The festival grounds were decorated with numerous banners planted in various locations, like a sumō tournament at Ekōin or the Oeshiki festival at Honmonji. In addition, they had borrowed a flag from every country and strung them between cords and ropes, filling the whole sky with vivid color. A stage had been hastily erected in the east corner, and this is where the renowned Kōchi troupe was to perform their dance. To the left and half a block down, surrounded by a reed screen enclosure, was an exhibition of flower arrangements. Everyone seemed impressed with the arrangements, but I found them utterly worthless. If they take such delight in twisting grasses and bamboo, then they must also rejoice in finding a hunchbacked beau or a lame husband.
Opposite the stage they were launching rockets one after another. One released a balloon, on which was written 'long live the Empire.' It floated gently over the pines around the castle tower and descended among the barracks. Another launch sounded, and this time a black dumpling shot up through the autumn sky. Over my head it split open into trails of blue smoke, drawing a set of umbrella ribs that drifted lazily down the sky. Another balloon went up. This one had 'long live the armed forces' in white against a red-dyed background. It swayed on the breeze and floated over the hot springs town toward Aioi Village. It may have landed within the Kannon temple grounds.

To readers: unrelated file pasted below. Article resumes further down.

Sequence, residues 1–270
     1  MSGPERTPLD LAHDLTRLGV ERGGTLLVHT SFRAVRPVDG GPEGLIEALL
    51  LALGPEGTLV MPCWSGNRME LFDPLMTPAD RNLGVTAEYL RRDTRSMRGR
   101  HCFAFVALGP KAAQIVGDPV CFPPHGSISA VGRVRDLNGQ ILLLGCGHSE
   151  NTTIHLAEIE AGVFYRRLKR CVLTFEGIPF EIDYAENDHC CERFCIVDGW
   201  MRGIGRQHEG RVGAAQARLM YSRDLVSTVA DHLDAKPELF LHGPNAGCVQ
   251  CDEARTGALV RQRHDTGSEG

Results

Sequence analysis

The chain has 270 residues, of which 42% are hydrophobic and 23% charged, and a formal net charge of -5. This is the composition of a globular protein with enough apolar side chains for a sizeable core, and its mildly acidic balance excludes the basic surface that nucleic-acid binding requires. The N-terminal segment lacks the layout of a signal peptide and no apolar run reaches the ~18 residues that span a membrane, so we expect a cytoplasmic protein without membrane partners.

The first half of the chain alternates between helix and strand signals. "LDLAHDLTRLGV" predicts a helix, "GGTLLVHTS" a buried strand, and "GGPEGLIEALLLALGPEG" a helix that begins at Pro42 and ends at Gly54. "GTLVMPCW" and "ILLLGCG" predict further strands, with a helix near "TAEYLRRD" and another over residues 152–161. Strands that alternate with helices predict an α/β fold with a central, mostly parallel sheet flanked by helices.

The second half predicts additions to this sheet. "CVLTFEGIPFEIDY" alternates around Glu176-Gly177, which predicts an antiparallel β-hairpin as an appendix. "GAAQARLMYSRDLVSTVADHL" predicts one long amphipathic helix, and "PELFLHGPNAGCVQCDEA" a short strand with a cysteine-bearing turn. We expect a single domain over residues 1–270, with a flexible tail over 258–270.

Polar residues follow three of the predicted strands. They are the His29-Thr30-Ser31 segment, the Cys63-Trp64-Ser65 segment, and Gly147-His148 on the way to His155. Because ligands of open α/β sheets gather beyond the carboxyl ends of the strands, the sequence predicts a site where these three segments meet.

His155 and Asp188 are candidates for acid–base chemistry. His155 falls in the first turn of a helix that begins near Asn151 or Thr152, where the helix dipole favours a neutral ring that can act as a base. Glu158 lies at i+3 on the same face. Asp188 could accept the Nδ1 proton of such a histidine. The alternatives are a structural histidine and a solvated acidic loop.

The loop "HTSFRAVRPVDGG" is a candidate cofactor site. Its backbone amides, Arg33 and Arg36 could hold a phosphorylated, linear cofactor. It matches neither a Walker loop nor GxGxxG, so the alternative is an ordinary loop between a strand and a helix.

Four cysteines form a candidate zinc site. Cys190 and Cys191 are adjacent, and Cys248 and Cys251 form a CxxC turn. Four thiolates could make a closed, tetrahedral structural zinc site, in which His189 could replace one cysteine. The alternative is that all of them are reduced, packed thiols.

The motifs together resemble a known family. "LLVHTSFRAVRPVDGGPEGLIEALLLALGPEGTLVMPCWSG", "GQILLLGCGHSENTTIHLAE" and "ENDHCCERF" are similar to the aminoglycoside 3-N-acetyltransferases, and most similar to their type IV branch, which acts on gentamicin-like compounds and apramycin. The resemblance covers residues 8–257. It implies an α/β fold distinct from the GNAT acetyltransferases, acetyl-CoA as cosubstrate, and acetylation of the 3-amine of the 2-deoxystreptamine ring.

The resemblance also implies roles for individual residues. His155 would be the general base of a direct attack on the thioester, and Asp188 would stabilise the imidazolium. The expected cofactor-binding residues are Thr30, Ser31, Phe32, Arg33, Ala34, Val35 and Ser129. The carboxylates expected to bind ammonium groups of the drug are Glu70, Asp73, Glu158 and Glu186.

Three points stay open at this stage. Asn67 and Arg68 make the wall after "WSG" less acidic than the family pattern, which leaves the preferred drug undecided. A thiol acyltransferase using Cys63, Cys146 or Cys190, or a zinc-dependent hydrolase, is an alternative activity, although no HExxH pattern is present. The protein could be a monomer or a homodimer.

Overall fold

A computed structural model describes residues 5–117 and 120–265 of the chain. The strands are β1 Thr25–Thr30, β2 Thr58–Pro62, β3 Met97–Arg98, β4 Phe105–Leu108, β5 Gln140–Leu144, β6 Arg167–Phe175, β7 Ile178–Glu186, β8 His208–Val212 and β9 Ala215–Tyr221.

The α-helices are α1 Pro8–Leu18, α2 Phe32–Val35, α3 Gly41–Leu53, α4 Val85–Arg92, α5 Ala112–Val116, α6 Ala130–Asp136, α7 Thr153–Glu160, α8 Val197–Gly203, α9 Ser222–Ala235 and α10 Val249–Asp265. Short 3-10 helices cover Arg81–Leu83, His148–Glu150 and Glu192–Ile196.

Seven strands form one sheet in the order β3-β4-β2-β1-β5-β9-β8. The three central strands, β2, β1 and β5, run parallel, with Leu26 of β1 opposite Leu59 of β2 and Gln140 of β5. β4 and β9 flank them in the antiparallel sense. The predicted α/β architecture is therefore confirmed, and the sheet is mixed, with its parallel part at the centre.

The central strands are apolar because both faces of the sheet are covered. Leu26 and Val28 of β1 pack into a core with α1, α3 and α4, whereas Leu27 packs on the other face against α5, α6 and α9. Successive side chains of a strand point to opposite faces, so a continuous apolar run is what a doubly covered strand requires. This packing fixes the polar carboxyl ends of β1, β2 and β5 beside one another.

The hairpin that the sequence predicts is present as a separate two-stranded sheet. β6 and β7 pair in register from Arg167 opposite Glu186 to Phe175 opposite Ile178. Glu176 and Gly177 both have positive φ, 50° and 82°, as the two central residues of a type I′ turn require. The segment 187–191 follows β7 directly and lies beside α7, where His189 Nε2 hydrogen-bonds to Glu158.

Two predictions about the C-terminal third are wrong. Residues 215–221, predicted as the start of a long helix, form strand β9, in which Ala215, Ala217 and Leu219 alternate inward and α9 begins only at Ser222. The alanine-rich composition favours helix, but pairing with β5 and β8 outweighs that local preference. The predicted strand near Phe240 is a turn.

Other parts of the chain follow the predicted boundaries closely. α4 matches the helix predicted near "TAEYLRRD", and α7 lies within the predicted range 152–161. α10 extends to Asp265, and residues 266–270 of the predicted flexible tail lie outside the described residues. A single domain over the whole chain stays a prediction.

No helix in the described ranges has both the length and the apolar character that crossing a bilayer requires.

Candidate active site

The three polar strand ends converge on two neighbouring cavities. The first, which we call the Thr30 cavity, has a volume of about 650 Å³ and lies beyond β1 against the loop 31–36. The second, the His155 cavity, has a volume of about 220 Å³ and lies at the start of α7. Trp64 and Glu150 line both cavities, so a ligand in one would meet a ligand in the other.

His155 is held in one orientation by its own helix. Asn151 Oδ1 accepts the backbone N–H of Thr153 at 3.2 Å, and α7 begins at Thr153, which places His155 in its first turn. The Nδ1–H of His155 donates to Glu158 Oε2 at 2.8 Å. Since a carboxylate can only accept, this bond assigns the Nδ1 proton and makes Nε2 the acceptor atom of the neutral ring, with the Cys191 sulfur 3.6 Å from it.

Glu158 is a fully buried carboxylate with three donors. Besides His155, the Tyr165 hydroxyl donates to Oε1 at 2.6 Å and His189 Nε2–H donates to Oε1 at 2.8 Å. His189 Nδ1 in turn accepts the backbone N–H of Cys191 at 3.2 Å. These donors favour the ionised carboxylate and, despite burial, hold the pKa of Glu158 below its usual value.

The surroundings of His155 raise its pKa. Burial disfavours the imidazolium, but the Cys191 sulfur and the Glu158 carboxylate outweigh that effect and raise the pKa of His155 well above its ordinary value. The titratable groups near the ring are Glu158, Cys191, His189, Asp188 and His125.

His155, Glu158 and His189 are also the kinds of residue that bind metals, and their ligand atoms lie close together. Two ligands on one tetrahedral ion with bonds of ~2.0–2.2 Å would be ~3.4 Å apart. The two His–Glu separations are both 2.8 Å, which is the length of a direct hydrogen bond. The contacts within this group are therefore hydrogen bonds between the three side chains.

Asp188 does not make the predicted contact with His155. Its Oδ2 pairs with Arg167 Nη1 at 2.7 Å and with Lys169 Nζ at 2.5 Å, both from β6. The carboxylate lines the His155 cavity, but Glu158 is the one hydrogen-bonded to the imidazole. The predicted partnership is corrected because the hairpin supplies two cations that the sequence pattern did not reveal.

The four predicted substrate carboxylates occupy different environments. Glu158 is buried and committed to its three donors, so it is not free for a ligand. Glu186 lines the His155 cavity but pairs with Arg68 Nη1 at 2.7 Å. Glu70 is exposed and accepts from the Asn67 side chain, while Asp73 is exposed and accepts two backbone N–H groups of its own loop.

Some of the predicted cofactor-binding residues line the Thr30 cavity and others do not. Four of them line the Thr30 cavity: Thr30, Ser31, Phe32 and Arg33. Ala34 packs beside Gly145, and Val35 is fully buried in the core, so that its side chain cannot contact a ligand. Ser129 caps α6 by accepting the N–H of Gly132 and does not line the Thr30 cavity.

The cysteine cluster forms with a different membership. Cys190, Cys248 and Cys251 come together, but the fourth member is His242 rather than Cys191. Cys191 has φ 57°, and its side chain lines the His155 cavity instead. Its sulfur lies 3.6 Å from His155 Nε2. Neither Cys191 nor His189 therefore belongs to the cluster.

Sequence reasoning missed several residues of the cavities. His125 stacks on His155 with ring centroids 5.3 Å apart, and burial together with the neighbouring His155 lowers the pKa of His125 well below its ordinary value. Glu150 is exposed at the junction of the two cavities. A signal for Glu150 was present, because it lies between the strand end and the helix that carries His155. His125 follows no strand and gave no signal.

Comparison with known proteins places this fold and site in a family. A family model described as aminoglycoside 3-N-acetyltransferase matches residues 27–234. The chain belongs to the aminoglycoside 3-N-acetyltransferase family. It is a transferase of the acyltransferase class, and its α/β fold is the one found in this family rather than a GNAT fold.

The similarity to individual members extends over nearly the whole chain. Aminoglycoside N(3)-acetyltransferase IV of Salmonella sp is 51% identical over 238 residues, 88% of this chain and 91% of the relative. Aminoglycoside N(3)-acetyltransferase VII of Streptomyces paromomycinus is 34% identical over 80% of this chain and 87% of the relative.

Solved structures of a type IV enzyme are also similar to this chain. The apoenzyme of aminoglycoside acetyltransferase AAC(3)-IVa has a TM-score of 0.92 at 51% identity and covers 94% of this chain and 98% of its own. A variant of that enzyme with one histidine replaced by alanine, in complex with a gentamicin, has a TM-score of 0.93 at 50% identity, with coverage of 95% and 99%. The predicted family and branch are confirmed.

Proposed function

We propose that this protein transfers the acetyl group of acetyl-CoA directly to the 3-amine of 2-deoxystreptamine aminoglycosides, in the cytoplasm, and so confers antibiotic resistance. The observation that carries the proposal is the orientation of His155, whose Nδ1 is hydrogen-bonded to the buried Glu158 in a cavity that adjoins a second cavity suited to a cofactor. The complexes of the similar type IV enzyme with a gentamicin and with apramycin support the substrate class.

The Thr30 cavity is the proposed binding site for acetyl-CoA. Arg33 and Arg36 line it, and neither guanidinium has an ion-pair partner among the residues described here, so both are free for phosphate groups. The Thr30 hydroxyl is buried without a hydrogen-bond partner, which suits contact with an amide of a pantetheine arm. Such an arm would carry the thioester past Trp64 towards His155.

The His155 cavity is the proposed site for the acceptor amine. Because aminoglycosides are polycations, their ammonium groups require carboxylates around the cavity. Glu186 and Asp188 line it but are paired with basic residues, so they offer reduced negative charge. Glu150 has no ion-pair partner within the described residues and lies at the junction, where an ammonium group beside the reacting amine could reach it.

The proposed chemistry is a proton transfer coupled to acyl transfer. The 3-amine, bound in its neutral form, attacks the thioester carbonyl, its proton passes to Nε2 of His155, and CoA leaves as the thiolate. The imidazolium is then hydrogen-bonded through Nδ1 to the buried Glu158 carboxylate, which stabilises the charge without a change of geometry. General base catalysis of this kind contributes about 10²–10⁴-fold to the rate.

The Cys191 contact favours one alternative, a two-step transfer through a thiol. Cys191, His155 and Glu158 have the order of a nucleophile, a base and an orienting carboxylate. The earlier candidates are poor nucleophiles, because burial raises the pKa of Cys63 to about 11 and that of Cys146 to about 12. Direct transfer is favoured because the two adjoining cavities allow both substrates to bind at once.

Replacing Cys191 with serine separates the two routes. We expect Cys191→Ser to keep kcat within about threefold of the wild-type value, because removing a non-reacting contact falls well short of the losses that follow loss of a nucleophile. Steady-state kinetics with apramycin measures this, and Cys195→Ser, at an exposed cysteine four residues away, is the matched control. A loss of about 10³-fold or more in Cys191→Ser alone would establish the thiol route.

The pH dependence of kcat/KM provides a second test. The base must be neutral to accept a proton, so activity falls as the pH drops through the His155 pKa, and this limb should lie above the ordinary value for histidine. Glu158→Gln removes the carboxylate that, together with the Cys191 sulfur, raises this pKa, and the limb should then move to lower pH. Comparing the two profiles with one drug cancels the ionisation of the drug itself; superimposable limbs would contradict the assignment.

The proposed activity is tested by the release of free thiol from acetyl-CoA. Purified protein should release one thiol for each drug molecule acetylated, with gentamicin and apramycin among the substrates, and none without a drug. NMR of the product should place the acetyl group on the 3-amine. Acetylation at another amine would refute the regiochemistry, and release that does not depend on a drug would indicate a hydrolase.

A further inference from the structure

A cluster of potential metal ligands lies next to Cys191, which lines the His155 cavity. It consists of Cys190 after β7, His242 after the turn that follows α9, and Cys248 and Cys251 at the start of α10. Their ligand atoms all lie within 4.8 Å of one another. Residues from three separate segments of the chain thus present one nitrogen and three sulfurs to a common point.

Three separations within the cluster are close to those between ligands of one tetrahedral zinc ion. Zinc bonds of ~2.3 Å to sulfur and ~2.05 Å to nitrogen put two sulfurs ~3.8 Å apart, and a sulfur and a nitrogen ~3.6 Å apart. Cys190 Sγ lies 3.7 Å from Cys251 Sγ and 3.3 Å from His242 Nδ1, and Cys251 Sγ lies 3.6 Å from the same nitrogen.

There hadn't been so many people at the ceremony, but by now a tremendous crowd had gathered. I was surprised that the countryside could produce such a multitude. There weren't many intelligent faces among them, but they were formidable in their numbers. At this point the renowned Kōchi troupe began their such-and-such dance. When they had said dance, I'd hastily assumed it was the sort of dance done by the Fujima school. I couldn't have been more mistaken.